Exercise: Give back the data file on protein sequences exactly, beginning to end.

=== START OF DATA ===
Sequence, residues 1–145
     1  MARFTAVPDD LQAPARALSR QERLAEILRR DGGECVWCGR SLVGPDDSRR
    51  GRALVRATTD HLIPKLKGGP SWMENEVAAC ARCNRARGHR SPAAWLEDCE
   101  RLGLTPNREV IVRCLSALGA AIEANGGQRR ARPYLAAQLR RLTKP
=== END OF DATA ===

Sequence, residues 1–145
     1  MARFTAVPDD LQAPARALSR QERLAEILRR DGGECVWCGR SLVGPDDSRR
    51  GRALVRATTD HLIPKLKGGP SWMENEVAAC ARCNRARGHR SPAAWLEDCE
   101  RLGLTPNREV IVRCLSALGA AIEANGGQRR ARPYLAAQLR RLTKP